Monday 30 July 2018

Harvest Monday - a return

It's been a while since I've posted - wow April seems ages ago! Hopefully I'll be back in to regular posting from now on.

I guess every growing year has its challenges - 2018 has seen a very wet spring (requiring lots of slug patrols - I lost a few plants) and a very hot, dry summer (requiring lots of watering - and I also lost a few plants to dry conditions, or pests that took advantage of stressed plants, such as one Brussels sprout plant that was totally covered in cabbage aphids, which I'd never even heard of before - I ended up cutting that plant off at the base and composting it). During the dry period it's been very easy to keep weeds at bay though, so that's one bonus - a thorough hoeing and hand weeding several weeks ago did the trick, with hardly any new weeds popping up - plus I haven't really been disturbing the soil, so no new weed seeds have come to the surface. There may be some that blow in from elsewhere though. My soil is very sandy and it dries out very quickly - I'd love to have a good supply of organic matter to improve the soil structure - there's only so much compost I can make, and I also collect leaves to make leafmould, plus get a few bags of well-rotted horse manure each year.  I really want to make some composted woodchip...sigh, one day, one day.

Anyway, the soft fruit has enjoyed the hot weather (a small example in the pic below), with very sweet harvests of raspberries, blackcurrants, gooseberries, redcurrants and saskatoons (all of which I'd mulched around the base with cardboard and compost. They still needed watering though, which I focussed right at the base of each plant so it would go under the sheet mulch and reach the roots, and only did it during the ripening period so they swelled up nice n juicy.) It takes so long to pick soft fruit, I'm almost glad that's nearly over (Jan helped a lot with the raspberries in particular which was handy). Blackberries have started ripening now, so we've started cramming them into the freezer too. I'd normally make cakes with some but it's been too hot to have the oven on.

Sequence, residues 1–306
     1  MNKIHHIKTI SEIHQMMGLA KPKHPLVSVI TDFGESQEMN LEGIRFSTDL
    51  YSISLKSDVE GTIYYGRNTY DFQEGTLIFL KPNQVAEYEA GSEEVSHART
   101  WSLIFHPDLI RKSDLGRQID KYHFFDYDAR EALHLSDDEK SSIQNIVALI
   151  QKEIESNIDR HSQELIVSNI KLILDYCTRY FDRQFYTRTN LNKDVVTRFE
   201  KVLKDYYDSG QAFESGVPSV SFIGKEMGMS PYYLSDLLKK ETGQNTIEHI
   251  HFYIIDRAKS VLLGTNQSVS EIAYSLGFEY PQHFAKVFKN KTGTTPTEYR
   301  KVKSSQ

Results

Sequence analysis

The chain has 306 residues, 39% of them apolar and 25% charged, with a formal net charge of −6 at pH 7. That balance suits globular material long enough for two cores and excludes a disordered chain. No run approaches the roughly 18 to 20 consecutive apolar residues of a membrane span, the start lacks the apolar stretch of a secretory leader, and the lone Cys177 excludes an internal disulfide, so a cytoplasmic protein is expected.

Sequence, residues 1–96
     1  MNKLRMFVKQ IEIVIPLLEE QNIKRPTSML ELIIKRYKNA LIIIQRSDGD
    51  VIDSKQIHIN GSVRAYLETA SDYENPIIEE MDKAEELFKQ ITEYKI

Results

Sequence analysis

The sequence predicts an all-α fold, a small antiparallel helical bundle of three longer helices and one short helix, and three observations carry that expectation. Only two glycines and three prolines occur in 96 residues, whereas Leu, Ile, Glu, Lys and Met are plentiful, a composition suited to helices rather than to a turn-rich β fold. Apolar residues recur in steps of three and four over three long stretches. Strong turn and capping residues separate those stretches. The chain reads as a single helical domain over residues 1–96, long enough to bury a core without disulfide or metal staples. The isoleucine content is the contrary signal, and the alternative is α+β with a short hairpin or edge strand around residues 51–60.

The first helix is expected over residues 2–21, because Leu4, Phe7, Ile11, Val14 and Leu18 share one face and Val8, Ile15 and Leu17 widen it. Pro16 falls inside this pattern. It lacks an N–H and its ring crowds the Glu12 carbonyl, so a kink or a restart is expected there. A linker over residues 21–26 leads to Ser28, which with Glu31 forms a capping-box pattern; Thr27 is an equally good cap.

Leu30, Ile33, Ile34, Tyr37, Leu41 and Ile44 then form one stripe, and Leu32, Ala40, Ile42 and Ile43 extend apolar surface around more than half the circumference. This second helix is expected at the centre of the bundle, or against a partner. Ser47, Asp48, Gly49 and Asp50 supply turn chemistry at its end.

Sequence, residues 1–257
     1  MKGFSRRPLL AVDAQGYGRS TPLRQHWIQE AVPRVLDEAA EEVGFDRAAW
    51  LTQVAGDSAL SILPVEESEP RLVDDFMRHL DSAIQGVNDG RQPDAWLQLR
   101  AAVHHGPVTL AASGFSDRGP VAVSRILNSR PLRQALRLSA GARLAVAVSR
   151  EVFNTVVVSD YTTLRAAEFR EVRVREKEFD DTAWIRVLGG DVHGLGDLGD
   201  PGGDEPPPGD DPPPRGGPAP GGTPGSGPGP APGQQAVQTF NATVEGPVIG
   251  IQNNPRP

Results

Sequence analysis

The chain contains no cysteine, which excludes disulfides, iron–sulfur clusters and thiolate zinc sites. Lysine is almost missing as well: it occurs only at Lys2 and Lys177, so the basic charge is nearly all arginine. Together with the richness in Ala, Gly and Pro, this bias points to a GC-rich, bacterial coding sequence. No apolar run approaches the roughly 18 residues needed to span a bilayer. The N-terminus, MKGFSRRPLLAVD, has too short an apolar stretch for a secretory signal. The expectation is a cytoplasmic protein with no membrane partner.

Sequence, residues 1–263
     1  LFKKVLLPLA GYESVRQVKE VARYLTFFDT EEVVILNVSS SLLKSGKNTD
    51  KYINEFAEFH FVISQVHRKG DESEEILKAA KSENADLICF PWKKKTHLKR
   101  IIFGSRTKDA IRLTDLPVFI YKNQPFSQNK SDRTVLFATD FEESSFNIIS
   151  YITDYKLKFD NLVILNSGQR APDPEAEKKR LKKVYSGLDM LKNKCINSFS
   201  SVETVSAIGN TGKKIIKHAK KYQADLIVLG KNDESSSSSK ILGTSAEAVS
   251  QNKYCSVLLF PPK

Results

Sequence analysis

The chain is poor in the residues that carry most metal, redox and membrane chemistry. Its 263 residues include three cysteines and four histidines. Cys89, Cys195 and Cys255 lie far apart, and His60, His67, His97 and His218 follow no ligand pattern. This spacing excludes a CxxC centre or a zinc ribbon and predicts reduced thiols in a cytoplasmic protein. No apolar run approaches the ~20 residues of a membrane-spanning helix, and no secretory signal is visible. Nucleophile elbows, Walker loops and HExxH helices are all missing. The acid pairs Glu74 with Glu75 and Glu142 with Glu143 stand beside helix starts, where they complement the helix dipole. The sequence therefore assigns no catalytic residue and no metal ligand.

Earlier on in the summer I had a nice crop of radishes, intersown between the broadbeans. I really should've sown some more to get a staggered period of harvests, maybe next year.

I roasted these with almonds (I think there was a recipe in The Guardian paper) - would never have thought of that myself!

Broad beans were also really good - the Autumn sown variety (super Aqua dulce) produced a lovely large and tasty crop, and the spring sown variety (Eleanora express), which ripened a few weeks later were even sweeter. There weren't as many pods because blackfly got a few plants, but it still wasn't bad. At a community allotment I've been helping with we sowed green long pod (? Not sure if that's the right name) in May and have had an amazing harvest over the last couple of weeks, demonstrating how broad beans can provide a great harvest over a long period. That variety is incredibly tasty too so I think I'll get some seeds for myself next year.

My early potatoes did alright, and the scab wasn't too bad considering it's worse in dry conditions. I forget what variety they were - a new one for me, which I have written down somewhere.

At home in my lean-to greenhouse, the basil was very happy, though after this photo I did get some caterpillar damage.

The scent of basil is delicious. I've got more to pick now too. In fact some of the plants are starting to put up flower heads, so I've been pinching these out to keep them producing leaves rather than flowers.